While flamenco comes from Spain, it has been embraced all over the world. The performers on stage were a prime example, with Cyrena, whose roots are in Taiwan, her teacher Kasandra “La China” Lea, whose roots are in Hong Kong, and musicians from Italy, Syria and Israel.


Cyrena Huang performs with Emad Armoush and Liron Man.


Cyrena dances with her teacher Kasandra Lea.

The Kino – next to the Park Theatre on Cambie – has been hosting flamenco performances for 23 years. There are three sets a night on Thursdays, Fridays and Saturdays. Cyrena first discovered it while walking by 14 years ago and was captivated by Kasandra’s dancing. (It turns out both had played in the National Youth Orchestra.)

Cyrena began studying with Kasandra at Al Mozaico Flamenco Dance Academy and in time has become a teacher there. Here is a 2007 blog post by Cyrena on the academy’s website where she describes her experience:


Friday, July 1, 2016: Happy Canada Day

Canada Day has been a day for planting. First I planted my Made in China flag among my herbs. And then I planted 10 Japanese eggplant seedlings in our newest gardening space at Vancouver Cohousing.

Our building plans called for a large community garden of almost 2,000 square feet on top of two one-storey homes. But we ran out of money. In fact, we went half a million dollars over budget. So, a number of things were cut.

One was furnishing the 6,500-square-foot, which we’ve managed to do anyway by pooling our resources. And thanks to Cam’s resourceful ingenuity, we now have the rooftop garden with a greenhouse.


He began by gathering wooden pallets from a Home Depot. But let Cam tell the story, as he did in an email to our community:

Vesanto and I would like to thank those who helped with the soil and work on the rooftop garden yesterday including Joe, Cyrena, Joanne, Tara, Heather and JM. Also thanks to Fabrice for inspiring and getting the roof top gardening started so well.

As you know the escalating cost during construction meant that the deck for the rooftop garden was scratched as the cost for deck and planters was approaching $30,000 to $40,000.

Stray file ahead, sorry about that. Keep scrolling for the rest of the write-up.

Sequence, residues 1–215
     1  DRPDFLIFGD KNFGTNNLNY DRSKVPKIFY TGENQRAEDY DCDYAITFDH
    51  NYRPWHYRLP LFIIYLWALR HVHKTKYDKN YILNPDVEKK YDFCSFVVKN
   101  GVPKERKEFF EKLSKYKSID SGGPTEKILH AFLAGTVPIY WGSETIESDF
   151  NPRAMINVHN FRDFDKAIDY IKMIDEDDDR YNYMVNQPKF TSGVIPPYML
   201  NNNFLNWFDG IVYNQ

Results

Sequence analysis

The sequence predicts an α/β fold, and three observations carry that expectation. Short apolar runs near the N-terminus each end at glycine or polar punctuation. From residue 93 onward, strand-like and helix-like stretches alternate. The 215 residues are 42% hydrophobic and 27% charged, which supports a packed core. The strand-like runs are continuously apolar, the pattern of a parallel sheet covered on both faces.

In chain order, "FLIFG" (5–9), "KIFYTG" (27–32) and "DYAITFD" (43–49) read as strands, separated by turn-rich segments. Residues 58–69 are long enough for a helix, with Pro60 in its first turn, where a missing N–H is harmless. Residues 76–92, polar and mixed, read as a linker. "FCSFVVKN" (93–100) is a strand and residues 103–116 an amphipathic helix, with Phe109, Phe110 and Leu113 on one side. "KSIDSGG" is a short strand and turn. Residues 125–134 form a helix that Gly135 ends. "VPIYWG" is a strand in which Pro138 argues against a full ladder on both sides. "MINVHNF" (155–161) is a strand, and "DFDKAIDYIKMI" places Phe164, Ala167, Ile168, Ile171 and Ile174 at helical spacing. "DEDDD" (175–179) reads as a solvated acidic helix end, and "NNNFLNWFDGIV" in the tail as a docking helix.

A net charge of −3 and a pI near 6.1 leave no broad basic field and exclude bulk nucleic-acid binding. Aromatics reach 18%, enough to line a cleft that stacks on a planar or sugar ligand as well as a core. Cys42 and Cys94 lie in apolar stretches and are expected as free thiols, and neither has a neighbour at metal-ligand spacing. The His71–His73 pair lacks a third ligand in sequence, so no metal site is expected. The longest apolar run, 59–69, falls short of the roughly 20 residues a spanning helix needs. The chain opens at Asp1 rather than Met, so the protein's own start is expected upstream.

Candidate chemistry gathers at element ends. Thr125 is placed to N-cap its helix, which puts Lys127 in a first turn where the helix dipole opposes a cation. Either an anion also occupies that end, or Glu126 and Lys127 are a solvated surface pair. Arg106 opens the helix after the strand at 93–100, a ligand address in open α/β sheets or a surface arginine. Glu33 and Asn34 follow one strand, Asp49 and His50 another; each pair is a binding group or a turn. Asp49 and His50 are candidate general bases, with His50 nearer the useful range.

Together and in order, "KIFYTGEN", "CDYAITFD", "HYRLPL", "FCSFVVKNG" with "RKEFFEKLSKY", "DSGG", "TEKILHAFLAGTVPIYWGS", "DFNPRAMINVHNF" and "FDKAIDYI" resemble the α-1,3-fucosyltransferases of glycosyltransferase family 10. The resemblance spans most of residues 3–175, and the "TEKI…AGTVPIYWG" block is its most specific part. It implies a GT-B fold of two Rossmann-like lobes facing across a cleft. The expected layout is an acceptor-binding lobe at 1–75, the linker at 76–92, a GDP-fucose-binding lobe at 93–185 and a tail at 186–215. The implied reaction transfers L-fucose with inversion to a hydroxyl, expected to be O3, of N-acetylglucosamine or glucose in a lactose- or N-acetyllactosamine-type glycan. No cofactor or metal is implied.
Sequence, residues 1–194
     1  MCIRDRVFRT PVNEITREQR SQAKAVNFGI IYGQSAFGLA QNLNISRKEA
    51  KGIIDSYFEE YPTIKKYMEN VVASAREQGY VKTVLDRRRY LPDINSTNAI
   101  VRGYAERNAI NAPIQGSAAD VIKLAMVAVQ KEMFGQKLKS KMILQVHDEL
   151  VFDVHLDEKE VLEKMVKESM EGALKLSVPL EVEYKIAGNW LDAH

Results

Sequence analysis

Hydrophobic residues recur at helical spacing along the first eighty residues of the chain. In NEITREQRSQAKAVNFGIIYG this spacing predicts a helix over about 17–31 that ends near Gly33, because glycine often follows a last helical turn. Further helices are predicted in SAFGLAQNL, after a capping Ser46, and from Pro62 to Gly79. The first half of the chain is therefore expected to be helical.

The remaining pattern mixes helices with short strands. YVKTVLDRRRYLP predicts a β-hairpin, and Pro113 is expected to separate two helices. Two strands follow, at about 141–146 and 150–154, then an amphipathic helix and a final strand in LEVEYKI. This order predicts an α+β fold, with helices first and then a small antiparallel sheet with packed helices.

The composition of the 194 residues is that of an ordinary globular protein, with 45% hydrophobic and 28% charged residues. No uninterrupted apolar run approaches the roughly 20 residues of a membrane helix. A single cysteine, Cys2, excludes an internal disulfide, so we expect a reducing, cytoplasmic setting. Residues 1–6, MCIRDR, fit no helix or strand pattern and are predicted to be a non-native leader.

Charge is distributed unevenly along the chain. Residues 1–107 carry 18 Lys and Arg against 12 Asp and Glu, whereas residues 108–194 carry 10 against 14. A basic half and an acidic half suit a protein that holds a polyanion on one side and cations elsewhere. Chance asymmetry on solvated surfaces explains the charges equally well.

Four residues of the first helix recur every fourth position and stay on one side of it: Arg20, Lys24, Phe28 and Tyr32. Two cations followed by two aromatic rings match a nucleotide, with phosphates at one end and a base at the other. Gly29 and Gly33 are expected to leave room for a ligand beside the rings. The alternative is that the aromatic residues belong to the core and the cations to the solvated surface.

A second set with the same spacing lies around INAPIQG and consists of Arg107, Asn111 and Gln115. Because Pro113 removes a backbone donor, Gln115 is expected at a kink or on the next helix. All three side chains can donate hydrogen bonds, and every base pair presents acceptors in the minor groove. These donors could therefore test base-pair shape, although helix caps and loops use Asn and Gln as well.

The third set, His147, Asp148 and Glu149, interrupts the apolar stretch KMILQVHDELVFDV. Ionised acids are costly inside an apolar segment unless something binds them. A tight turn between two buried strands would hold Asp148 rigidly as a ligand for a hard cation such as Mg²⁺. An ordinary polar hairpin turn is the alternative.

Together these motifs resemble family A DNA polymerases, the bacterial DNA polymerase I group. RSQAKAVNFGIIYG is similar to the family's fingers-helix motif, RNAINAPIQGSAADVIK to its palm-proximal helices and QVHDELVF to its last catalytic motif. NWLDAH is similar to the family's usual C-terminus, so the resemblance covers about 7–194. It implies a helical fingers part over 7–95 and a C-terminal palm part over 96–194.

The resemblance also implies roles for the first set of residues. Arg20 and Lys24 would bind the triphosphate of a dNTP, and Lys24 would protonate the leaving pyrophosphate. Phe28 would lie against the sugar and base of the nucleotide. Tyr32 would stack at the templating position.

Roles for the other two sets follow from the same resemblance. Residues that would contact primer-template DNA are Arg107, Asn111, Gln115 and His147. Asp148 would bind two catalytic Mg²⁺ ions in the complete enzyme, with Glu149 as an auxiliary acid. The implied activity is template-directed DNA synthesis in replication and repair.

Those who like gardening were of course disappointed  as funds for a garden seemed far off. After consulting a variety of folks about a low cost solution I started looking around at community gardens and other low cost garden areas. The HOME Society manages 2 community gardens on borrowed land.
After getting on Craigslist it seemed clear that there was plenty of wood for free but it came in the form of pallets. There were also large plastic barrels which if sliced vertically could serve as light weight garden containers. Finally a WindSong friend who manages the Richmond Harvest recycling depot helped by arranging that we could pick up relatively inexpensive compost.
With an old van I began collecting pallets and barrels. We collected and moved up about 50 pallets. Again thanks for all the help with this upward mobility and 12 barrels (24 garden containers when split) so far. The patch work of many sized pallets were carefully placed on the roof using dense styrofoam under the pallets– the same as under our current decks.
After the pallets were up and we had many visitors including children, it became clear that children like the roof as well. This lea to a search for more wood to fill in the cracks in the pallets to make it as safe as possible. Some of this was found in our HOMES storage areas, some at Wood-Knot a social enterprise HOMES manages; and 2x4s were also sliced up (each 2×4 produced 5 pieces roughly 1.5×3/4 of an inch in size which is ideal for filling in the spaces in pallets).
At Windsong Cohousing we had many mini green houses in the gardens but I thought the upper garden might better lend itself to a single community greenhouse. Again using sliced 2x4s, cheap plastic, and some help on the roof, and consulting round the roof lines, we popped up a greenhouse on the weekend. Tomatoes and peppers tend to do better in a greenhouse and have an extended season. So far no slugs have discovered the roof garden.
We still have room for 50 more containers (25 barrels- I get 3 or 4 free containers every 2 weeks) Feel free to tour and to plant something or take potted plants up there. Beans, zuchinni, and squash should do well in full sun. For those who would like to plant up there, we would like to create a watering roateion; to start it will be hand watering. V
Vesanto has moved up number of plants (mainly peas, squash, and arugula) from the lower garden by the ramp. With a small crew of helpers (Joanne, Cyrena, Vesanto), these are looking good. The roof deck is a great place to relax, tan and appreciate sunsets on the 4 folding chairs. If you come up with children, please remember it is a garden and not a play area. Donnie has done a wonderful job of helping children get a appreciation of garden bounty in the lower gardens. Thanks to all the help and vision of folks like Colin and Donnie in setting the tone for low cost nutritious food. We have a few more pieces of plastic to hang on the green house. It will have roll up sides and some doors for easy ventilation.
I am very thankful for all of the help and support and encouragement. Please visit and enjoy the upper garden. Fell free to add enhancements–it is your garden.
Cam Dore